CHRISTMAS OFFER Subscribe to EADT Suffolk today CLICK HERE

Along the historic highways – Mildenhall & Newmarket circular walk

PUBLISHED: 09:53 12 May 2015 | UPDATED: 09:53 12 May 2015




Head west for great countryside and a warm welcome


At West Stow beneath the biggest skies, rows of Scots pines bend in solemn procession across the flat, sandy heaths of the Brecks. Through these lands, the ancient Icknield Way carves its path and historic pilgrimage routes point towards Bury, Dunwich and Walsingham.

Witness our ancestors’ way of life in the reconstructed Anglo Saxon Village by West Stow Country Park before paying homage to Boudicca at Icklingham, then making your way to Mildenhall’s historic market place in the old High Town. Discover Roman buried treasure in the museum, an amazing angel roof crafted perhaps by travelling artisans in mighty St Mary’s and a delightful walk along the Lark Valley Path to once bustling Barton Mills. Trade is still brisk for brunch at the quirky, award-winning Olde Bull coaching inn here, but the village mills have long gone and the river is silent.

Time to dip into Cambridgeshire then, crossing fertile fenland to spot 12th century Isleham Priory en route to Freckenham, a Suffolk village rising from the flattest dark fields, a wooded outcrop crowned by a church. Wander round the unexpected castle earthworks and wonder where the ancient waterways depicted on the village sign have disappeared to. Onwards across the plains, chalky arable lands lead via Saxon King Anna’s Exning to the stud farms of Newmarket, the horseracing capital famed for its four-legged exports. For a refreshing break from your travels, don’t miss Nancy’s Vintage Teashop which does a roaring trade here.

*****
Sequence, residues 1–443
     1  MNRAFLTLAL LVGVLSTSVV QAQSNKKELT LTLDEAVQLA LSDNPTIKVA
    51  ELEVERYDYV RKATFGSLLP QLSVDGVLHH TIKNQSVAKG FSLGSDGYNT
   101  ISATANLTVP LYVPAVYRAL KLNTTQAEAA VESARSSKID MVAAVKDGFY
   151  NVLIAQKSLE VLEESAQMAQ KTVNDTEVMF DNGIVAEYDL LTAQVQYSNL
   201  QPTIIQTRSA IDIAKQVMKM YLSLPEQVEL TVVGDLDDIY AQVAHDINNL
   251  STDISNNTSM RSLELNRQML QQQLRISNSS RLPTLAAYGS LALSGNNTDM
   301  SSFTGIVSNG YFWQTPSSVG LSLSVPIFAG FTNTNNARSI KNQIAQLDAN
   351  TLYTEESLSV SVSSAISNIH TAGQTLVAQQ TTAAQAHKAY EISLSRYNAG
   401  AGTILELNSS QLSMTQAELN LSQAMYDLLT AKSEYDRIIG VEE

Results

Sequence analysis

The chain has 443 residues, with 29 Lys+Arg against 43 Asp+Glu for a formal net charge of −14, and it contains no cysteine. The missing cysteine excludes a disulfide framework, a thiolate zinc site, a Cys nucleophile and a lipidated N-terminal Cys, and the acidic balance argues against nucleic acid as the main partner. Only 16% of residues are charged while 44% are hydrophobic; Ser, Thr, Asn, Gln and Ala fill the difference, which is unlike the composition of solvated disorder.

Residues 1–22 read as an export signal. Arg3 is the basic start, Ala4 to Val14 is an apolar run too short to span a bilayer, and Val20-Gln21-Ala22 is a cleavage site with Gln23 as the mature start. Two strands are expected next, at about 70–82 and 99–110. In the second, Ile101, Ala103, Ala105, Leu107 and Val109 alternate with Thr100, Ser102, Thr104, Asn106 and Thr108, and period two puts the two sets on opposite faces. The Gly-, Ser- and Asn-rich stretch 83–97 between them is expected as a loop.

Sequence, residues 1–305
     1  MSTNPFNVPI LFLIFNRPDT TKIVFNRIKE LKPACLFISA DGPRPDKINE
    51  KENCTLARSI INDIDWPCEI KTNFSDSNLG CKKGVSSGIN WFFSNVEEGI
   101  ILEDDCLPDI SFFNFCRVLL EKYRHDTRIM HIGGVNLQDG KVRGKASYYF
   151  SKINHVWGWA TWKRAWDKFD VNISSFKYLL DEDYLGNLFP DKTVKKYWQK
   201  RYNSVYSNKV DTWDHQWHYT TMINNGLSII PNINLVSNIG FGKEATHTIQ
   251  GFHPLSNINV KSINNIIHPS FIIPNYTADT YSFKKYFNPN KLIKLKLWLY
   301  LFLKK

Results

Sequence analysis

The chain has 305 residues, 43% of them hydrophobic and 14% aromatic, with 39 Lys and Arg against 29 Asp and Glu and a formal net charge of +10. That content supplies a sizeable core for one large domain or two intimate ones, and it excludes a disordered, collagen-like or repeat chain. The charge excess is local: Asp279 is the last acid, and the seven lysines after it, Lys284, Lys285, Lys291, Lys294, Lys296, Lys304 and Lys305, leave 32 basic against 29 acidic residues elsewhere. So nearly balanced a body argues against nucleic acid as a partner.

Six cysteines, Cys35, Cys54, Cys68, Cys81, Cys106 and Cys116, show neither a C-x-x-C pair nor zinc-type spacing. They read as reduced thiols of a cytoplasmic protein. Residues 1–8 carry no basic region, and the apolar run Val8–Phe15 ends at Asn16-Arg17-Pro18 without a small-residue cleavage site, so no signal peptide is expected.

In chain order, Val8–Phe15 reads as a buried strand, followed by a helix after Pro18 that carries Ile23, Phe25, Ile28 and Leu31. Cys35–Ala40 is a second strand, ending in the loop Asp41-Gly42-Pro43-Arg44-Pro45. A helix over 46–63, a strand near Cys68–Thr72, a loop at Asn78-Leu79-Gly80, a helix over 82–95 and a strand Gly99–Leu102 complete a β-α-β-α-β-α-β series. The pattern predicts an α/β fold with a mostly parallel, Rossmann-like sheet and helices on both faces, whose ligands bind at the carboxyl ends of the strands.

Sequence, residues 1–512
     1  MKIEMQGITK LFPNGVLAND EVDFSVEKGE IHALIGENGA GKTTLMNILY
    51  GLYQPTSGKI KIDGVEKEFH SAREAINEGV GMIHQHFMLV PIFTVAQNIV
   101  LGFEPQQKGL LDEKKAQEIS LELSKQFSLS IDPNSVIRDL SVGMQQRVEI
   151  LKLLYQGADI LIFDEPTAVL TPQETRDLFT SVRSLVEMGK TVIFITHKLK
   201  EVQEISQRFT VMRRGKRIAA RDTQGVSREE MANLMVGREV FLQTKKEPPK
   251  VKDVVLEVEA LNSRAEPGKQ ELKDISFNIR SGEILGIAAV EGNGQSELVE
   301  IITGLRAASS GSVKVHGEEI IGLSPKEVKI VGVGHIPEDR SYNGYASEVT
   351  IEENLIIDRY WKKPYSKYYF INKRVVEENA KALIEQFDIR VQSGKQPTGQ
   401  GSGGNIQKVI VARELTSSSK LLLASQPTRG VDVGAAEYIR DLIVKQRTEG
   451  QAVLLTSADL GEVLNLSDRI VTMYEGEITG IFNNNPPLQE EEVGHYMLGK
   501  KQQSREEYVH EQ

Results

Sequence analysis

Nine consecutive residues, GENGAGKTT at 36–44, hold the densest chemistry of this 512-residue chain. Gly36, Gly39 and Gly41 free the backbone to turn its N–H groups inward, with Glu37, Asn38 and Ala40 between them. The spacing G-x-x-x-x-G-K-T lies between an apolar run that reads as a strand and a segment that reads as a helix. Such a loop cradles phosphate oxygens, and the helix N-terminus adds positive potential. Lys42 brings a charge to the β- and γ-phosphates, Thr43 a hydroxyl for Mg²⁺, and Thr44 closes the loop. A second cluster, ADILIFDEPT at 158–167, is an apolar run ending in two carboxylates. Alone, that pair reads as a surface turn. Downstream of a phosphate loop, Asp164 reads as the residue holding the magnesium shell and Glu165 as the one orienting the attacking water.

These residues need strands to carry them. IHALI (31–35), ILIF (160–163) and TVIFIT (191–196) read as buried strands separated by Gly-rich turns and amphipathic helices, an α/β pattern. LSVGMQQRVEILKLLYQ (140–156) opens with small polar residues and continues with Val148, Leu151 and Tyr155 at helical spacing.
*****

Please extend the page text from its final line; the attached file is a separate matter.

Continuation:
Back on the road, Moulton’s medieval packhorse bridge across the Kennett is a must, but look out for the hidden stony bridge near the mysterious Black Ditches later. First though, it’s time to revisit the Icknield Way, climbing to new heights at Gazeley and Dalham, or detour east to Great Saxham in search of Nutmeg Hall, home of Elizabethan explorer, John Eldred, who introduced the spice to Britain.


Finally, it’s hard to resist an early evening stroll across colourful Cavenham Heath towards historic Temple Bridge and work up an appetite for a Suffolk feast at the Fornham All Saints’ Organic Bistro.


Welcome , please leave your message below.

Optional - JPG files only
Optional - MP3 files only
Optional - 3GP, AVI, MOV, MPG or WMV files

Please log in to leave a comment and share your views with other EADT Suffolk Magazine visitors.

We enable people to post comments with the aim of encouraging open debate.

Only people who register and sign up to our terms and conditions can post comments. These terms and conditions explain our house rules and legal guidelines.

Comments are not edited by EADT Suffolk Magazine staff prior to publication but may be automatically filtered.

If you have a complaint about a comment please contact us by clicking on the Report This Comment button next to the comment.

Not a member yet?

Register to create your own unique EADT Suffolk Magazine account for free.

Signing up is free, quick and easy and offers you the chance to add comments, personalise the site with local information picked just for you, and more.

Sign up now

Most Read

Latest from the EADT Suffolk Magazine